Escape and entry at the same time

Environment educator Katja Weirer is also familiar with vegetation periods. Although they are short in the Alpine region around the Ötscher, they are becoming longer and longer due to climate change. "This makes it possible for farmers to grow crops that could not have grown here before, such as cereals", she says. This example shows one of the few opportunities that come with climate change; otherwise, people face challenges here. "As in other regions, it is becoming drier and warmer here. The spruce, the most common tree species in the region, is suffering most from this here. Extreme weather events such as heavy rain, storms and hail are also increasing. Gale-force winds sometimes bring down entire forests", says Katja Weirer.

In winter, on the other hand, the lack of snow is problematic, she says, because snow cover allows plants to overwinter at a constant temperature. "If there is no snow and conditions become milder, other plants can also spread". Alpine plants, however, are adapted to harsh conditions and are not competitive, so they could lose habitat. The Ötscher Climate Research Centre addresses questions like these - and how to counter the effects of climate change.

The rare and the very special

As an environment educator, Katja Weirer is often out and about in the wild flora. She and other nature educators of the nature park also do guided tours in the region, among other things. She immediately thinks of several plants that are characteristic of the region around the Ötscher. One name often comes up in her stories - Clusius. A Dutch botanist who is credited with the first ascent of the Ötscher and who was the first to describe several plants in the Eastern Alps that now bear his name - Clusius primrose, Clusius gentian, Clusius yarrow; you can get to know them personally on a special tour. "These are plants that are only found in the Eastern Alps", says Katja Weirer, "that's really something special".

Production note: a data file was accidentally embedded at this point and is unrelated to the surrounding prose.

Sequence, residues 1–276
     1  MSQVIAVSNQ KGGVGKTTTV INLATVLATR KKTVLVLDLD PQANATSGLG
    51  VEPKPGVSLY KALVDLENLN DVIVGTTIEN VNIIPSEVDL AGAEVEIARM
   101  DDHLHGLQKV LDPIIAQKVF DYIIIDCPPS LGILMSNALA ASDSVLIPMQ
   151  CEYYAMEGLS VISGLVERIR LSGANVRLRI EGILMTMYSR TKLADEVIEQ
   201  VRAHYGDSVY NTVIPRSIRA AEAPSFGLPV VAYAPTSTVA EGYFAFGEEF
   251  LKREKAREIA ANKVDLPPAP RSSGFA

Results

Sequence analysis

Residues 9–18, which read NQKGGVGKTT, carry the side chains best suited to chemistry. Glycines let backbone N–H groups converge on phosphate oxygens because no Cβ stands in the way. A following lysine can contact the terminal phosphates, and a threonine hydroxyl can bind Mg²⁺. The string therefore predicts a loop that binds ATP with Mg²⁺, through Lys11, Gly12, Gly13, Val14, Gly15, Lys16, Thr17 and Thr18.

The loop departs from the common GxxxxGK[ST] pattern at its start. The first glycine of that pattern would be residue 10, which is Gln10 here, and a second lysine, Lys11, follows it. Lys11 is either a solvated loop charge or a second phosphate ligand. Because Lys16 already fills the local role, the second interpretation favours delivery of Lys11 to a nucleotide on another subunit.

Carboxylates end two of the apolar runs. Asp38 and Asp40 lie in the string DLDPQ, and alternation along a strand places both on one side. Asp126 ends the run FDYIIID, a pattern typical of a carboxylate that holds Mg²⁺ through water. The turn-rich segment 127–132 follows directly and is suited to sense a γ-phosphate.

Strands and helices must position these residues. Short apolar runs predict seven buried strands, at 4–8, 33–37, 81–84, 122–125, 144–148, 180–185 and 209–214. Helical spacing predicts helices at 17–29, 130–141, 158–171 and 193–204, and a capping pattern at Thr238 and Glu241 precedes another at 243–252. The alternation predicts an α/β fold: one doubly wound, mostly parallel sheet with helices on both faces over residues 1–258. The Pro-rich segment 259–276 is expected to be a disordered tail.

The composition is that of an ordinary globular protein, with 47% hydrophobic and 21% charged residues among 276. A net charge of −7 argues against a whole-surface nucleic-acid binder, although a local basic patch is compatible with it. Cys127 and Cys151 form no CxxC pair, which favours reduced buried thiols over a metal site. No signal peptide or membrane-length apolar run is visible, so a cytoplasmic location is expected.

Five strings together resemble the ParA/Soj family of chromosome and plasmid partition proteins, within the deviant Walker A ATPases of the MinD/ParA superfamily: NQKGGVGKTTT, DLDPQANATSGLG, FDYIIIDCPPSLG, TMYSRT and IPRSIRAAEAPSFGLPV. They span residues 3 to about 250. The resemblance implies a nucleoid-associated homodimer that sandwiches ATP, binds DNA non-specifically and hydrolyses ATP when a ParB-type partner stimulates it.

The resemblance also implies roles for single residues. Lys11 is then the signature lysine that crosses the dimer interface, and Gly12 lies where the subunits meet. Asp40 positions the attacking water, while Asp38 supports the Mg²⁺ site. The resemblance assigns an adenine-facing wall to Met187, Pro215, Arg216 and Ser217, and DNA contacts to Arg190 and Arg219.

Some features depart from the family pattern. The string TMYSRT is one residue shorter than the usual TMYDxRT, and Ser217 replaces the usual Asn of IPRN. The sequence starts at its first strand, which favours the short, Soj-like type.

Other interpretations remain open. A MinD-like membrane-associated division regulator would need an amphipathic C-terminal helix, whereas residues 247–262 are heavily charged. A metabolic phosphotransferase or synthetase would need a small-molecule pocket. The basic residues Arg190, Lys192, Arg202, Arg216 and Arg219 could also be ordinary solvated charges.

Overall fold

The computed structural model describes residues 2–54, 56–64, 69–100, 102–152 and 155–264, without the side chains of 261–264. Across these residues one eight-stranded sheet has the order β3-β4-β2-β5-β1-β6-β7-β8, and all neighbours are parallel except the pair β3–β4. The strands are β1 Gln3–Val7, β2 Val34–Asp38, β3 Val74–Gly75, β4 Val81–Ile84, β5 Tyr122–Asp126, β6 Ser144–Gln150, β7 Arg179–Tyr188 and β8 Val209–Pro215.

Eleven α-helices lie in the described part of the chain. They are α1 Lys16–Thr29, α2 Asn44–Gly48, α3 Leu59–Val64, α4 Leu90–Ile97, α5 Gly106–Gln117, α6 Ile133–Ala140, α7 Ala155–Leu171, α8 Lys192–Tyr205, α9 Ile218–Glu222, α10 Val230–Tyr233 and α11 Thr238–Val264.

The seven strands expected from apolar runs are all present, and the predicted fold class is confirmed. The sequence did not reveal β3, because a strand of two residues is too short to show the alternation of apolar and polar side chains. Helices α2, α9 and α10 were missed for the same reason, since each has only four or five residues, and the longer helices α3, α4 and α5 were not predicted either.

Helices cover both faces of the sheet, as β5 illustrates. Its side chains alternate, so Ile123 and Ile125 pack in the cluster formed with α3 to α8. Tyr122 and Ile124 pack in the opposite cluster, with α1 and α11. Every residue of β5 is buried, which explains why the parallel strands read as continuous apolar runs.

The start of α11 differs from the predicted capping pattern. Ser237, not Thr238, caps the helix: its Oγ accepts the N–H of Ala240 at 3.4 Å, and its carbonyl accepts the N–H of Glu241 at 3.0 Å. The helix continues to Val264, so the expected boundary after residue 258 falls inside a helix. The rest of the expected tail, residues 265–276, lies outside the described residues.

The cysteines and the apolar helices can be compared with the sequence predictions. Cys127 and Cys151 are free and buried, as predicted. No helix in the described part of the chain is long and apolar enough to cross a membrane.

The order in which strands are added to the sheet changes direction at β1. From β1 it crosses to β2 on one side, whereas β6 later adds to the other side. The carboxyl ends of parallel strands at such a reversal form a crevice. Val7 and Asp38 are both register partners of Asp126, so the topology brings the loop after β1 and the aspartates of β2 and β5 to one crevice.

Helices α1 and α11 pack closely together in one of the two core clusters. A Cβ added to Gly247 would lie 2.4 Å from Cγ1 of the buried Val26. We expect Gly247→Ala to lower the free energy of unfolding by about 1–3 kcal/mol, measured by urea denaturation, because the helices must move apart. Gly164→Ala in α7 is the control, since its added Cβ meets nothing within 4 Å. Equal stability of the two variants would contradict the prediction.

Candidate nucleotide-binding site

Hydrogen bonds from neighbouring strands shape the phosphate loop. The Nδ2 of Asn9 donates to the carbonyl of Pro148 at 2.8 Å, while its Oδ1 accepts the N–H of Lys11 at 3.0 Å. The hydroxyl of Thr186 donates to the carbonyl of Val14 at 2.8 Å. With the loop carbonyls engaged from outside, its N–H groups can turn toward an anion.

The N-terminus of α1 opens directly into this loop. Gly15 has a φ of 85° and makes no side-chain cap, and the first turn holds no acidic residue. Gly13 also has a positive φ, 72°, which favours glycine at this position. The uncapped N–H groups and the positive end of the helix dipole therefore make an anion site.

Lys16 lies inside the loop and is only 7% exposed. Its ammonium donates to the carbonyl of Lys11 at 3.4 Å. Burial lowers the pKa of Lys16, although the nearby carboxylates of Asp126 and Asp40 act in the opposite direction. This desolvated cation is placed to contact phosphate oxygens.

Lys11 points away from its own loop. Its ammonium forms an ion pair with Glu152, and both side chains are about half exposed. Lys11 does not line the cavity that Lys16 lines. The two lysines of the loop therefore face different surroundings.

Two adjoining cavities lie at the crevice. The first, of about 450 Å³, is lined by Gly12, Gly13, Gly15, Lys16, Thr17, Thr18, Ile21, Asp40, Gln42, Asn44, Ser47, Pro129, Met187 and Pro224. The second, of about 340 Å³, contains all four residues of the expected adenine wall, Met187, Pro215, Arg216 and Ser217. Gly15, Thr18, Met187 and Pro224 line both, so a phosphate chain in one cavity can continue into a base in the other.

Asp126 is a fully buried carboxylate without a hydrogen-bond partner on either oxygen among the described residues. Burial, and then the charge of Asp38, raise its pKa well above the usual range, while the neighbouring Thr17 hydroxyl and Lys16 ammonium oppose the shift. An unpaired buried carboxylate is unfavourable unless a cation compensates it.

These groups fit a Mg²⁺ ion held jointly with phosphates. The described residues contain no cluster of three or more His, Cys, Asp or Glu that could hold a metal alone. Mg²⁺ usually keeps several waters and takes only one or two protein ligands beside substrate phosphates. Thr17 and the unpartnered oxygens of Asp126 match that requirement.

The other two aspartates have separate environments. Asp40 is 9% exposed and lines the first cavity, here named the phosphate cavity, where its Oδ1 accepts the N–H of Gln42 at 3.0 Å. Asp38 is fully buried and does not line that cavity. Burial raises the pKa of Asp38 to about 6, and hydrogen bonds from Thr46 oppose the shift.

The Burser saxifrage, with its small white flowers that turn all the rock faces white in May, is also found nowhere else in the world. Orchids also grow here. “There are inconspicuous species such as the two-leaf, which you only notice if you know about it, and then you have more exciting species such as the really beautiful but also very rare lady's slipper”. The yellow flowers of this orchid look like little slippers and their scent attracts bees, which then fly into the slippers. They remain trapped there until they find the only way out - a narrow, hairy opening. If they managed to squeeze through, they pollinate the plant. In this case, too, beauty is a double-edged sword. But fortunately this is not always the case. Because a visit to the Ötscher-Tormäuer Nature Park is simply beautiful - and in no way treacherous.